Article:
my_frame <- read.table(file="my_table", header=TRUE, sep="\t") # Same as above, but with info on column headers and field separators. If you want to import the data in character mode, then include this argument: colClasses = "character".


write.table(iris, "clipboard", sep="\t", col.names=NA, quote=F) # Command to copy&paste from R into Excel or other programs. It writes the data of an R data frame object into the clipbroard from where it can be pasted into other applications.

zz <- pipe('pbcopy', 'w'); write.table(iris, zz, sep="\t", col.names=NA, quote=F); close(zz) # Command to copy&paste from R into Excel or other programs on Mac OS X systems.

write.table(my_frame, file="my_file", sep="\t", col.names = NA) # Writes data frame to a tab-delimited text file. The argument 'col.names = NA' makes sure that the titles align with columns when row/index names are exported (default).
save(x, file="my_file.txt"); load(file="file.txt") # Commands to save R object to an external file and to read it in again from this file.

HTML(my_frame, file = "my_table.html") # Writes data frame to HTML table. Subsequent exports to the same file will arrange several tables in one HTML document. In order to access this function one needs to load the library 'R2HTML' first. This library is usually not installed by default.

write(x, file="my_file") # Writes matrix data to a file.

sink("My_R_Output") # redirects all subsequent R output to a file 'My_R_Output' without showing it in the R console anymore.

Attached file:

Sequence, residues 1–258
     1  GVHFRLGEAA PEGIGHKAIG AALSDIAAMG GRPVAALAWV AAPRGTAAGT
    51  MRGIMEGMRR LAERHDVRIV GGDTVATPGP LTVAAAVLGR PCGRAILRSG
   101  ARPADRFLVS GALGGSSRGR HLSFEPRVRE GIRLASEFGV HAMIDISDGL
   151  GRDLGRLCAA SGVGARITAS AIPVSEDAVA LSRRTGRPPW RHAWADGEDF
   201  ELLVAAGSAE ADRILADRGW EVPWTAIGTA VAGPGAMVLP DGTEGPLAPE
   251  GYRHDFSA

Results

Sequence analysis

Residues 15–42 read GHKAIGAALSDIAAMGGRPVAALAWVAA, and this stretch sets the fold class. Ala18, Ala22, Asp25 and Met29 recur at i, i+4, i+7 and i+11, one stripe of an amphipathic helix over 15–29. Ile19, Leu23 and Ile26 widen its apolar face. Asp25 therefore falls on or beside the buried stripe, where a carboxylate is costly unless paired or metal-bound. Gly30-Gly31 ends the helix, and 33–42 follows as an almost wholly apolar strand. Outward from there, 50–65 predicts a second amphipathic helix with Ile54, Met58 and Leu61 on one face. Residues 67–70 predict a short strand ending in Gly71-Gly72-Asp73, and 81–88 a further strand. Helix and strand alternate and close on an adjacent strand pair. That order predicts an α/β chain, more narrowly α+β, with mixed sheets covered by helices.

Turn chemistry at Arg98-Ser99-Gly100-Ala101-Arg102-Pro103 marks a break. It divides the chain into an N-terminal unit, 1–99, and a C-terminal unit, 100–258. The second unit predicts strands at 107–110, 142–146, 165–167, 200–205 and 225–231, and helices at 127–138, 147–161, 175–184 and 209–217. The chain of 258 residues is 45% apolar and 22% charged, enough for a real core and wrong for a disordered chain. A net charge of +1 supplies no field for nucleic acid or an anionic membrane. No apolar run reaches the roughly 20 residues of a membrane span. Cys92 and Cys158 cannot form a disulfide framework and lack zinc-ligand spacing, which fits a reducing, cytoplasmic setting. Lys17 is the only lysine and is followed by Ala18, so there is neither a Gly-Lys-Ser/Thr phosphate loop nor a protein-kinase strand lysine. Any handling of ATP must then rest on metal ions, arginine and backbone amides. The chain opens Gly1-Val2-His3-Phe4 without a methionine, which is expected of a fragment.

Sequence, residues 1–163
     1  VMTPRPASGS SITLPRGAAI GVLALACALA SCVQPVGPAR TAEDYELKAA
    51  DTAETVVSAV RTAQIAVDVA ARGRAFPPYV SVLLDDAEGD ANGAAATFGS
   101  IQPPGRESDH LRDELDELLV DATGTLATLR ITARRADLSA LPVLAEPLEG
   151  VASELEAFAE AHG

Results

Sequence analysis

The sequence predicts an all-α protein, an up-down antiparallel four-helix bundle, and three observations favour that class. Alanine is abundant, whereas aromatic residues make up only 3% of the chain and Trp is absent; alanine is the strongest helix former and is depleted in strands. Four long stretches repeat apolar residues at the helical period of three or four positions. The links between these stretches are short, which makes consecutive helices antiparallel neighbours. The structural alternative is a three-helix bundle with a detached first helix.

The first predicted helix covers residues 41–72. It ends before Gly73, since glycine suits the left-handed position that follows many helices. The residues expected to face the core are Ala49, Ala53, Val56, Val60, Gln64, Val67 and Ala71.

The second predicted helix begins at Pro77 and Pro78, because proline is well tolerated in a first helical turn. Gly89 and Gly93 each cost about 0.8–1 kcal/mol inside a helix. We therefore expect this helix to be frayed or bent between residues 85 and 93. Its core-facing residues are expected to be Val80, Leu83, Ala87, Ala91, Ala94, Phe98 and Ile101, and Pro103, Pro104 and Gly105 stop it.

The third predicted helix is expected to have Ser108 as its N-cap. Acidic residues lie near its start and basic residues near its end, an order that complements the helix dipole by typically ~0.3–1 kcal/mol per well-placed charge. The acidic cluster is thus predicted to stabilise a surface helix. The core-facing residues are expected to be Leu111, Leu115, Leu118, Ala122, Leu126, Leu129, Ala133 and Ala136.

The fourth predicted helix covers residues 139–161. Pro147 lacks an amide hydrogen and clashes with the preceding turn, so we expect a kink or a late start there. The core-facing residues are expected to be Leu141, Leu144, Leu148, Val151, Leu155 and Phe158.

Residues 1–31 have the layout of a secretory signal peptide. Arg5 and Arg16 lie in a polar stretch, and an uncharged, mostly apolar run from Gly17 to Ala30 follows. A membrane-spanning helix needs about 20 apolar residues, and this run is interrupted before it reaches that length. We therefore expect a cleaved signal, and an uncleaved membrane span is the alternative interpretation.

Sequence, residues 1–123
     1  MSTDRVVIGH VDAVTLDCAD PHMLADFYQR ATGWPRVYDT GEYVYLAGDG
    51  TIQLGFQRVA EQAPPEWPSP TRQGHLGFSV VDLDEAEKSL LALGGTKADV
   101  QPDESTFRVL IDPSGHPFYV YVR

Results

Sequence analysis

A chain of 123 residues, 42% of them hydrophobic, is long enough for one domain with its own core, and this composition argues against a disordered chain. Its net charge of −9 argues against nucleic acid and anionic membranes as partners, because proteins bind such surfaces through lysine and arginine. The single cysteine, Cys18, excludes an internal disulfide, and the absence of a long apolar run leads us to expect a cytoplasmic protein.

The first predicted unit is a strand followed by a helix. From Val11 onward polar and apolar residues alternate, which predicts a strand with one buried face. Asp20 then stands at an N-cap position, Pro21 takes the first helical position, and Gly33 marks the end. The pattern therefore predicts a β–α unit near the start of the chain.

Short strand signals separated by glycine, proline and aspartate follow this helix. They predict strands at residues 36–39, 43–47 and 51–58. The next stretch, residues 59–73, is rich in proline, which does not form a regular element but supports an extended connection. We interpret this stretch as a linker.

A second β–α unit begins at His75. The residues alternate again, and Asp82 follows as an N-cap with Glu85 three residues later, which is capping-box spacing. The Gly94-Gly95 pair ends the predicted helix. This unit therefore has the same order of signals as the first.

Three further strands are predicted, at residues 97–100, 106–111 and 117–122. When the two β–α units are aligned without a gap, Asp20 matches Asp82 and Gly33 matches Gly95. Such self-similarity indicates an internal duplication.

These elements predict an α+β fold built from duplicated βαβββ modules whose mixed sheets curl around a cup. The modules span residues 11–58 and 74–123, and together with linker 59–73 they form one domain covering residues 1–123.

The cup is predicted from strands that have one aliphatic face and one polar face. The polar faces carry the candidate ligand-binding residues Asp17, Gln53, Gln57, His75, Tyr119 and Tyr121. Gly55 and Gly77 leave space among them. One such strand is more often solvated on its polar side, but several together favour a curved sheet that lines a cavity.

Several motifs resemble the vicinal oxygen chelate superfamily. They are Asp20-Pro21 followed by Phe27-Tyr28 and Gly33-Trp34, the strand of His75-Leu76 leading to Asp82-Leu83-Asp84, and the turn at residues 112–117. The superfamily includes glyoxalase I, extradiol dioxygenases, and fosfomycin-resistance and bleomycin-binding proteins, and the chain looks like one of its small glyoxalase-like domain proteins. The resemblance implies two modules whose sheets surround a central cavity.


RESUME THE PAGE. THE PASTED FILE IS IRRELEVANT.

sink() # restores normal R output behavior.

R Objects:Data and Object Types

Data Types:
Numeric data: 1, 2, 3 ex. x <- c(1, 2, 3); x; is.numeric(x); as.character(x) # Creates a numeric vector, checks for the data type and converts it into a character vector.
Character data: "a", "b" , "c" ex. x <- c("1", "2", "3"); x; is.character(x); as.numeric(x) # Creates a character vector, checks for the data type and converts it into a numeric vector.
Complex data: 1, b, 3
Logical data: TRUE, FALSE, TRUE
1:10 < 5 # Returns TRUE where x is < 5.
Object Types
vectors: ordered collection of numeric, character, complex and logicalvalues. factors: special type vectors with grouping information of its components
data frames: two dimensional structures with different data types
matrices: two dimensional structures with data of same type
arrays: multidimensional arrays of vectors
lists: general form of vectors with different types of elements
 functions: piece of code
Factors :Factors are vector objects that contain grouping (classification) information of its components. animalf <- factor(animal <- c("dog", "cat", "mouse", "dog", "dog", "cat")) # Creates factor 'animalf' from vector 'animal'.
animalf # Prints out factor 'animalf', this lists first all components and then the different levels (unique entries); alternatively one can print only levels with 'levels(animalf)'.
animalfr <- table(animalf); animalfr # Creates frequency table for levels.Function 'tapply' applies calculation on all members (replicates) of a level.
weight <- c(102, 50, 5, 101, 103, 52) # Creates new vector with weight values for 'animalf' (both need to have same length).
mean <- tapply(weight, animalf, mean) # Applies function (length, mean, median, sum, sterr, etc) to all level values; 'length' provides the number of entries (replicates) in each level.
Function 'cut' divides a numeric vector into size intervals.
y <- 1:200; interval <- cut(y, right=F, breaks=c(1, 2, 6, 11, 21, 51, 101, length(y)+1), labels=c("1","2-5","6-10", "11-20", "21-50", "51-100", ">=101")); table(interval) # Prints the counts for the specified size intervals (beaks) in the numeric vector: 1:200.
plot(interval, ylim=c(0,110), xlab="Intervals", ylab="Count", col="green"); text(labels=as.character(table(interval)), x=seq(0.7, 8, by=1.2), y=as.vector(table(interval))+2) # Plots the size interval counts as bar diagram.